The only phone on the base rang that evening at around 01:15. It connected the laboratory to the weather station. It was the engineer, asking if the radio operators had their gear connected and broadcasting to the continent. When I advised him that I was the only one awake at the time, and no one else was around, he hung up immediately without explanation. I continued to make my weather observations without further developments. Outside, it kept snowing. We had some six or seven days of constant snow. Clouds were between 30 and 60 meters (low stratus), visibility was restricted to 200-300 meters and temperatures at the time were between –20 to –25 centigrade. My shift ended without any developments and I went to bed after being relieved from duty.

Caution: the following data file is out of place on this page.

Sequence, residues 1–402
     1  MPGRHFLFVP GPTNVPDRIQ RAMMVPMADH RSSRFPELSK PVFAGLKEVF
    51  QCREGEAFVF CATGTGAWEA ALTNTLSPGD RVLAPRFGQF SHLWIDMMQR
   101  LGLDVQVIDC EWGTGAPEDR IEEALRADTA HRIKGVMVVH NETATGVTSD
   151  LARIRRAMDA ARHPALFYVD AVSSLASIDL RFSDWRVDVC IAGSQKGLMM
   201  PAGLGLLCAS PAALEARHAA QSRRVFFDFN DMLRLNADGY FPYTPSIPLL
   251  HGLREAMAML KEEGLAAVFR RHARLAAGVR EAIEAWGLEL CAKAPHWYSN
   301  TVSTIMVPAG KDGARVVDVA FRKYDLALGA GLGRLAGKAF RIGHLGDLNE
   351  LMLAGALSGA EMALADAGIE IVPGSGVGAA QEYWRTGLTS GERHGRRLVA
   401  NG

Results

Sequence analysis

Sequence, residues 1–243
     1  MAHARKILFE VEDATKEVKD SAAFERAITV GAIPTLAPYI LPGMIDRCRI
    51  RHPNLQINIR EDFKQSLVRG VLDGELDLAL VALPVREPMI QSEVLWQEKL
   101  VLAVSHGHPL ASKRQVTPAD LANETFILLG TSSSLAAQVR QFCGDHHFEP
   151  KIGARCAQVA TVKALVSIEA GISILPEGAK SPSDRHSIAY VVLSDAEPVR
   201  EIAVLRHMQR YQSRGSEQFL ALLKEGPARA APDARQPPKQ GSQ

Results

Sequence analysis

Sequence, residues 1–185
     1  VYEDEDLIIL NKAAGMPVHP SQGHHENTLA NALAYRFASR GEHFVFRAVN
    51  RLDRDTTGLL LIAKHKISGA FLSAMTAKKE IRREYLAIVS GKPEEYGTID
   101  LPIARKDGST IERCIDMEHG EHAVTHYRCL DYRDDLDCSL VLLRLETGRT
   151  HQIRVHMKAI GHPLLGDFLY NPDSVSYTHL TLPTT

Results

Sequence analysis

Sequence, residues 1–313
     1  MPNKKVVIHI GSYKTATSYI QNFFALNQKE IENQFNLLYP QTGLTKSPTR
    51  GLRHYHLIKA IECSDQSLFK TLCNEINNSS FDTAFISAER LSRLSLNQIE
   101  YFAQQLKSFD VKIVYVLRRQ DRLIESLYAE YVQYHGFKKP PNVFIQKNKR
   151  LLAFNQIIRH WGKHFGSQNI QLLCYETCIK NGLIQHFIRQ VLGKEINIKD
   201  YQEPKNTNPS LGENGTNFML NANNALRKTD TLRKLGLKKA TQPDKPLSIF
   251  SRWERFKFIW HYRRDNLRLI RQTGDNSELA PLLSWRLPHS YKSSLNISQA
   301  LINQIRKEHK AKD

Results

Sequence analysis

The General Belgrano Base

I woke up at around 17:00 hours. I remember not eating anything, but I felt a great urge to go outside ( may I remind you that we were on a very small island). I went outside, walked around the base, and climbed to a height above the house where there was a small grotto containing a statue of the Virgin Mary. I sat on a rock – the view was extraordinary – and I saw that another member of the base had arrived: a radio operator from the Argentinean Army, who I recognized when he took off his goggles. It wouldn’t ‘ve surprised me to see another comrade, but this fellow was prone to the cold and never left the baste. At that time, temperatures were more or less –25 C, which was startling. When I asked him what he was doing outside, he replied that he felt the need to go outside. We stayed there around 15 minutes and went back to avoid freezing. Everyting was normal up to that point.